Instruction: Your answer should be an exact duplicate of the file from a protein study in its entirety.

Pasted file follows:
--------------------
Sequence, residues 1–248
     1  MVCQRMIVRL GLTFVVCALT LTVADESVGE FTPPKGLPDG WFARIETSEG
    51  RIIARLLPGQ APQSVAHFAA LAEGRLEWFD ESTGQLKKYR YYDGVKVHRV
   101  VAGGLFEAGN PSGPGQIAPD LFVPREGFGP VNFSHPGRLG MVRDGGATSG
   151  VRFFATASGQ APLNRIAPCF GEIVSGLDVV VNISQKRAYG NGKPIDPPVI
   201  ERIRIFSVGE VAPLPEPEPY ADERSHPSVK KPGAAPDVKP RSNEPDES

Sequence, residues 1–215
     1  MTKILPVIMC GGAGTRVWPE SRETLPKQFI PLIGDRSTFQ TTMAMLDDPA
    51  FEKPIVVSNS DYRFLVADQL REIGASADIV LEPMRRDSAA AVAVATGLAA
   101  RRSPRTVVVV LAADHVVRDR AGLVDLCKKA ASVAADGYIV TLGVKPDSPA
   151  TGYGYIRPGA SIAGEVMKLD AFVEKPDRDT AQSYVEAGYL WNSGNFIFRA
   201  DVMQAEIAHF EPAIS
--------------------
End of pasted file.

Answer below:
Sequence, residues 1–248
     1  MVCQRMIVRL GLTFVVCALT LTVADESVGE FTPPKGLPDG WFARIETSEG
    51  RIIARLLPGQ APQSVAHFAA LAEGRLEWFD ESTGQLKKYR YYDGVKVHRV
   101  VAGGLFEAGN PSGPGQIAPD LFVPREGFGP VNFSHPGRLG MVRDGGATSG
   151  VRFFATASGQ APLNRIAPCF GEIVSGLDVV VNISQKRAYG NGKPIDPPVI
   201  ERIRIFSVGE VAPLPEPEPY ADERSHPSVK KPGAAPDVKP RSNEPDES

Sequence, residues 1–215
     1  MTKILPVIMC GGAGTRVWPE SRETLPKQFI PLIGDRSTFQ TTMAMLDDPA
    51  FEKPIVVSNS DYRFLVADQL REIGASADIV LEPMRRDSAA AVAVATGLAA
   101  RRSPRTVVVV LAADHVVRDR AGLVDLCKKA ASVAADGYIV TLGVKPDSPA
   151  TGYGYIRPGA SIAGEVMKLD AFVEKPDRDT AQSYVEAGYL WNSGNFIFRA
   201  DVMQAEIAHF EPAIS